This, in parenting lingo, is what’s known as a Teaching Moment.
“Children,” I announced, “I have something for you.” I opened a box and showed them four new blown-glass heart-shaped ornaments, each beautiful and each different. I resisted the cornball impulse to tell them the ornaments were “each different and each beautiful, like each of you,” but I couldn’t pass up the opportunity to deliver the whole evanescence-of-material-goods message.
“These beautiful things are fragile,” I told them. “Like Violet’s sparkly heart, they will break. If not this year, maybe next. We should enjoy them while they last, but remember, they are just things. Do you understand?”
Four solemn faces looked at me.
“Things always break eventually. What doesn’t break is love. Love is the only real thing; everything else is just stuff. Do you see?”
Four heads nodded. I wondered if I would remember this little homily the next time someone smeared peanut butter on my dry-clean-onlies, and sighed.
“Rejoice, rejoice, Emmanuel… “
It is some time later, the tree is glowing with fresh lights, the Riders in the Sky are winding down, but I am sorry to say that the nativity scene is disintegrating into a kind of Christians-and-lions melee. My husband and I swiftly take advantage of the confusion to redistribute ornaments that the children have hung in a thick cluster at waist height.
“I’m going to get you!” Joseph taunts the fairy Christmas angel, and Mary is laughing so hard she drops the baby and—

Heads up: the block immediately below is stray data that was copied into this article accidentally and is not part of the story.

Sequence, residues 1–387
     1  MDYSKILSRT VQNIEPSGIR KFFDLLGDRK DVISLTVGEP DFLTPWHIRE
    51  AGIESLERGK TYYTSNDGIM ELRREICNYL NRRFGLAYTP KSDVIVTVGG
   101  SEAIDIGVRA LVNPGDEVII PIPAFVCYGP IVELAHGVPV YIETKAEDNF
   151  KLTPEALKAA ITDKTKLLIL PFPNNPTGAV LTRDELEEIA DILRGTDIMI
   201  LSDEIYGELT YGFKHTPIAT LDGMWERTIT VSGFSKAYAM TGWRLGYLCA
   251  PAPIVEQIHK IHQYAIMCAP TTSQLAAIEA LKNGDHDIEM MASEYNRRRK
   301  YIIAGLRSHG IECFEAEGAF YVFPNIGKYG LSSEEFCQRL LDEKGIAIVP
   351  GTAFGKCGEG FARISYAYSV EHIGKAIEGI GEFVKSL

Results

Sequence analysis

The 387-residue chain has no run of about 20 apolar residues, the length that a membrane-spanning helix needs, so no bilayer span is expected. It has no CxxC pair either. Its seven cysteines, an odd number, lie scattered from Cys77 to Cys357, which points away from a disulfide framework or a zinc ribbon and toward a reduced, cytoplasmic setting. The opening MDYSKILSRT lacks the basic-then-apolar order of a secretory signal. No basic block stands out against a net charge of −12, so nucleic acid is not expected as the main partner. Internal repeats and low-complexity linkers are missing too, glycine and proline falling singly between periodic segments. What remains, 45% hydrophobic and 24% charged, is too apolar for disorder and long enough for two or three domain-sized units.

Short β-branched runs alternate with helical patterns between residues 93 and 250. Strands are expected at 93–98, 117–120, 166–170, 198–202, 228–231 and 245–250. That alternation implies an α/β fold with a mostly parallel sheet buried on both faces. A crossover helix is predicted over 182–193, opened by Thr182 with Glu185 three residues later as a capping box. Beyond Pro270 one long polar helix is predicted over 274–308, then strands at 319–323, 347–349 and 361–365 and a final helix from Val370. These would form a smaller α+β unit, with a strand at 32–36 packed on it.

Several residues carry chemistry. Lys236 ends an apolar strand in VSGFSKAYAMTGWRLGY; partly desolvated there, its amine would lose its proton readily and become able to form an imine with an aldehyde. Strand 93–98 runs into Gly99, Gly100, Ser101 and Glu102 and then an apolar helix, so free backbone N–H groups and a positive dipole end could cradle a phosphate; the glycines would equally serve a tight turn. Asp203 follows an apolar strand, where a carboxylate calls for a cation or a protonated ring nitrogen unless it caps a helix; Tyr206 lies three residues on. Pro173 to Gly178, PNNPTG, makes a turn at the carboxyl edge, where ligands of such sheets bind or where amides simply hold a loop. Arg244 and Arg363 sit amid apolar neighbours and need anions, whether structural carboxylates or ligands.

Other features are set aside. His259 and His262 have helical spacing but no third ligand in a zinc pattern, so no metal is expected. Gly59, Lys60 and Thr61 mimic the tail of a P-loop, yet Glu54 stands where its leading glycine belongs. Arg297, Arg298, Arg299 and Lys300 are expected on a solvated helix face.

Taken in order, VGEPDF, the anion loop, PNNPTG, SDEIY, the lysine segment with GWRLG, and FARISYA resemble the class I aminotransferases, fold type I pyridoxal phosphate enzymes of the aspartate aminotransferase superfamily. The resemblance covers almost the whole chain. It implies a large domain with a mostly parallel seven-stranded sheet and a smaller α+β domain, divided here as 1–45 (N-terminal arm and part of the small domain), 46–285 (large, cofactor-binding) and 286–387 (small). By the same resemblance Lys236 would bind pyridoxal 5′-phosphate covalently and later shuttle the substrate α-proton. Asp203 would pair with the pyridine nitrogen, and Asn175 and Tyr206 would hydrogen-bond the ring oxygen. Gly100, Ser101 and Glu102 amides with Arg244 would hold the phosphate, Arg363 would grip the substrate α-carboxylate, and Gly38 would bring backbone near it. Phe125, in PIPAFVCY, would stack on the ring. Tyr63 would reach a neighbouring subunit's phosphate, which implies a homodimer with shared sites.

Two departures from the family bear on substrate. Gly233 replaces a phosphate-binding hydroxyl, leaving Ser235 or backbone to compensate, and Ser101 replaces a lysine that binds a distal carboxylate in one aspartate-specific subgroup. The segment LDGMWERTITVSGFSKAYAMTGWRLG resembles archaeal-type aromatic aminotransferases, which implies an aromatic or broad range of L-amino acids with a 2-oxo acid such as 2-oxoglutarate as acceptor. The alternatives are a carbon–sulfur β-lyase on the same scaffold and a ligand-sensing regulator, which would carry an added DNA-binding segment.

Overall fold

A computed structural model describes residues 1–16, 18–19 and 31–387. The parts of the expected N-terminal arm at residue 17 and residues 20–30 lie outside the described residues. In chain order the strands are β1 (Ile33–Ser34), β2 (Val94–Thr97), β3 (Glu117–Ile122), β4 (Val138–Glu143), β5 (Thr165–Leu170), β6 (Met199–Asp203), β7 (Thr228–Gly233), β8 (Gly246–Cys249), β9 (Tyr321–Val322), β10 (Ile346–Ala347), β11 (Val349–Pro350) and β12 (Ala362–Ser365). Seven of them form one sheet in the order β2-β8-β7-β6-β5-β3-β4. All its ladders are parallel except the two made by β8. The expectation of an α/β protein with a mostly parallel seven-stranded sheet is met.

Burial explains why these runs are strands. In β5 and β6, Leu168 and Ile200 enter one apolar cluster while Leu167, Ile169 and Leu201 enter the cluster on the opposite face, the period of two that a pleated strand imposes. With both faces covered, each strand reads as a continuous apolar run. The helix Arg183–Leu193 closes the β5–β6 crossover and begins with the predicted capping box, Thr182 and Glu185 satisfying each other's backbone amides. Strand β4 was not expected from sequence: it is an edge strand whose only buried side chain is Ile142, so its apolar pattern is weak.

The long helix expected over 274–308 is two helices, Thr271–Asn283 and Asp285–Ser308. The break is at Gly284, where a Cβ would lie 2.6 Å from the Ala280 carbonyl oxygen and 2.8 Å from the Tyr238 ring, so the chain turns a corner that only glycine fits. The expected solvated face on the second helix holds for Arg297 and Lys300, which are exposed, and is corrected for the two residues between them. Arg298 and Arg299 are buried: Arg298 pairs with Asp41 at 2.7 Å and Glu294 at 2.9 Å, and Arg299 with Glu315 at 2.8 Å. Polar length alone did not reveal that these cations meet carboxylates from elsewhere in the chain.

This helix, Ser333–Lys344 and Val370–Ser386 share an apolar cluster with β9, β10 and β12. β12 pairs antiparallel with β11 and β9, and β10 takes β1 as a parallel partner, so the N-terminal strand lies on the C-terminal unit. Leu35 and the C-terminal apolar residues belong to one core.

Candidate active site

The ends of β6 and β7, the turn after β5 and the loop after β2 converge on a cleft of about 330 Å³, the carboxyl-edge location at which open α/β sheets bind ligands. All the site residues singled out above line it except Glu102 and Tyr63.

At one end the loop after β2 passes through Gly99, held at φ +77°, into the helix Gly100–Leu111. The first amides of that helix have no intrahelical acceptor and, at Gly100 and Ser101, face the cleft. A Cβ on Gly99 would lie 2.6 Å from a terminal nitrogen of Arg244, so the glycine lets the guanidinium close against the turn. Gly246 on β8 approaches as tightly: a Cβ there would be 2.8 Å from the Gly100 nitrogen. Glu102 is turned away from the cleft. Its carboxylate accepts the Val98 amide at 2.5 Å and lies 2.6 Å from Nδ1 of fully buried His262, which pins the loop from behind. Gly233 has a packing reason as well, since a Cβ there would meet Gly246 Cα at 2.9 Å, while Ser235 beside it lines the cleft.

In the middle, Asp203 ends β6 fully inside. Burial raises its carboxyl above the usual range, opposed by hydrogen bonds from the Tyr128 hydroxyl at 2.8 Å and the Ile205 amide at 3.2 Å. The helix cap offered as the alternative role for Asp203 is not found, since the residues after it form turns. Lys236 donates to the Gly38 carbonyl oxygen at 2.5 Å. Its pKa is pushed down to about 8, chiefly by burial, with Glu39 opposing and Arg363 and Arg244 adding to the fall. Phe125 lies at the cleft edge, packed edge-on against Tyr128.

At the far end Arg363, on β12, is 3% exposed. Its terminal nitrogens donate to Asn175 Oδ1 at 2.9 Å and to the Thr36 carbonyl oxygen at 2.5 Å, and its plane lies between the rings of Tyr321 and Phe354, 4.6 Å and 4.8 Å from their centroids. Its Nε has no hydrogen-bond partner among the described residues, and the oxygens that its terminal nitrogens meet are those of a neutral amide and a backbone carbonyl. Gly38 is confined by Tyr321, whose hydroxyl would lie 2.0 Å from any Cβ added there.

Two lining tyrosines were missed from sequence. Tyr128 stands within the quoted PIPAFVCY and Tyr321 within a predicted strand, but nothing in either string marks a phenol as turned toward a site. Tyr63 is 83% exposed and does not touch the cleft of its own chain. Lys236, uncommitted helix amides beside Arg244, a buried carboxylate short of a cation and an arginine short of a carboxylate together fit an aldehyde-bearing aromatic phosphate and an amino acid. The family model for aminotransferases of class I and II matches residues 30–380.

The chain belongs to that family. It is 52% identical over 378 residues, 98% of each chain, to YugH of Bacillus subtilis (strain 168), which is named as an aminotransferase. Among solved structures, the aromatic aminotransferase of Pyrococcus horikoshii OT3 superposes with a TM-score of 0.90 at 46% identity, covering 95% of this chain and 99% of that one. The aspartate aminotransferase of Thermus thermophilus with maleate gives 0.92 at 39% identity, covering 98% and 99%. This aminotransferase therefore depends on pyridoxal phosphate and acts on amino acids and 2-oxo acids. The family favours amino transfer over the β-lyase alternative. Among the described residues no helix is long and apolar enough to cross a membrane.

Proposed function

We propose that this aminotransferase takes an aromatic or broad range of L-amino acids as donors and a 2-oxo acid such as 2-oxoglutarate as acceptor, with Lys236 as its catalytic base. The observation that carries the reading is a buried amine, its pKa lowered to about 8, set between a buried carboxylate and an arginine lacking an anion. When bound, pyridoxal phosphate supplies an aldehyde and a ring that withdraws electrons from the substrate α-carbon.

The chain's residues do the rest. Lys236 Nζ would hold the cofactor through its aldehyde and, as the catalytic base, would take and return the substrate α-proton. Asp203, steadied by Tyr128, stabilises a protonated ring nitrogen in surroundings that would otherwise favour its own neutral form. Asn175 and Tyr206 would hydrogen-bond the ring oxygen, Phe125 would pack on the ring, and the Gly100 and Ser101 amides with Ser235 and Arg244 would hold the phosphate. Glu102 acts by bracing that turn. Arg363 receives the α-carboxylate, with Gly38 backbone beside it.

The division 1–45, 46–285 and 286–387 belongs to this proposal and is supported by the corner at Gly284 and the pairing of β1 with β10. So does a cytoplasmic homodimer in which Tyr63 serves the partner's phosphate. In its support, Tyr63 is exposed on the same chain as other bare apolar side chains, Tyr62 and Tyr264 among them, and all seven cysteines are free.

“Watch out!” my husband yelps, shooting out an arm, “Don’t wave the sword near the–”
“It’s a star,” my husband says, wincing. “My fault.” All four children stare at the smashed ornament, but it is the eldest who dissolves.
“Oh, no, no, no–!”
“Sweetheart,” I break in rapidly, “Don’t you remember? It’s just a thing. All ornaments are bound to break at one –”
“But we’ve had it for years,” she sobs, her tears rolling freely, “and now it’s gone!”
“… Shall come to thee, O Israel…”
“Courage,” my husband says, looking at me with laughing eyes and kissing Molly’s forehead. The other children furrow their brows companionably, but already their interest has moved on. Molly sniffs, dabs her eyes, and suddenly brightens.
“I’m going to keep the broken pieces,” she says. “By the way, Mummy, did you think it was funny when I said, “I’m the obliging Democrat?”
My heart sinks. So, the electron knew about the crouching physicist all the time. “Yes, very witty, sweetheart,” I say quickly, “Now, where’s your lunchbox–”
“Are you going to put it in the Swamp?”